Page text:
Three cows injured when a barn roof caved in at a Framingham dairy farm this week are improving, but a fourth may not survive, the owner said Thursday.
“I’m concerned if she’ll make it or not,” said Doug Stephan, who owns Eastleigh Farm. “She’ll need another 24 hours. She’s battered and bruised, and visibly in pain, so she needs to be more closely monitored.”
Early Wednesday morning, farm workers discovered that the barn’s metal roof had collapsed, apparently from the weight of snow, said Framingham animal control director Katherine MacKenzie. Two cows were found dead.
Of the eight cows that were rescued, four were able to walk out of the barn on their own and were milked Thursday.
“They had scratches, cuts, and bruises, but they’re OK,” Stephan said.
He said the oldest cow of the group, Diamond, “seems to be responding quite well for the older cow that she is.”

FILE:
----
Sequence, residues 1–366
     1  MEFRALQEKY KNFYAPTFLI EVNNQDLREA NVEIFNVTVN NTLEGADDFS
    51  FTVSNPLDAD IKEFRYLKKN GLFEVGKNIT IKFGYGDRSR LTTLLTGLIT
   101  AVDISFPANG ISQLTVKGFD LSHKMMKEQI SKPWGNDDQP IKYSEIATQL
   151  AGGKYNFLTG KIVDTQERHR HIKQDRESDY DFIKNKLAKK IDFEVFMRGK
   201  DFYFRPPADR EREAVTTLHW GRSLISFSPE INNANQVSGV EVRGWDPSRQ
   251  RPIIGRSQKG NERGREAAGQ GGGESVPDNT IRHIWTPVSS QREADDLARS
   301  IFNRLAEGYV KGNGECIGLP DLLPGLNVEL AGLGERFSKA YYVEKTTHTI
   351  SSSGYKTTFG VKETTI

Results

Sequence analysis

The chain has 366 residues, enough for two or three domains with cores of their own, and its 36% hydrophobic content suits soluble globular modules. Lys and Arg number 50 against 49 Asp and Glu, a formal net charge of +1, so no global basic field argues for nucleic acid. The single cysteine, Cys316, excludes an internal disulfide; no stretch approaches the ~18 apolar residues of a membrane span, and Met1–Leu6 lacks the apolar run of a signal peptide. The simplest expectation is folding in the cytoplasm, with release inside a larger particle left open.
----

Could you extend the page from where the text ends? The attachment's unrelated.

The other four cows had to be machine-lifted and pulled to another barn where they could be cared for. Three appeared to be getting better Thursday, he said. “They’re not out of the woods yet, but they’re showing improvement.”
Stephan said that Eastleigh employees were tending to the injured cattle and that he would call bovine veterinarians from Connecticut if needed.
Stephan said that thousands of people had reached out to him by Thursday, asking if they could help. The farm, which has seen hard times in recent years, now has a donation link on its official website at eastleighfarm.com.
“We’re addressing the immediate problem Eastleigh has,” he said. “Everyone is calling and asking to donate something to keep the farm alive.”
Eastleigh is home to about 60 milking cows, Stephan said, but the farm oversees about 250 cows total between the Framingham location and an extension located in Brookfield. The farm is known for its raw milk and artisanal cheese.Jaclyn Reiss can be reached at firstname.lastname@example.org.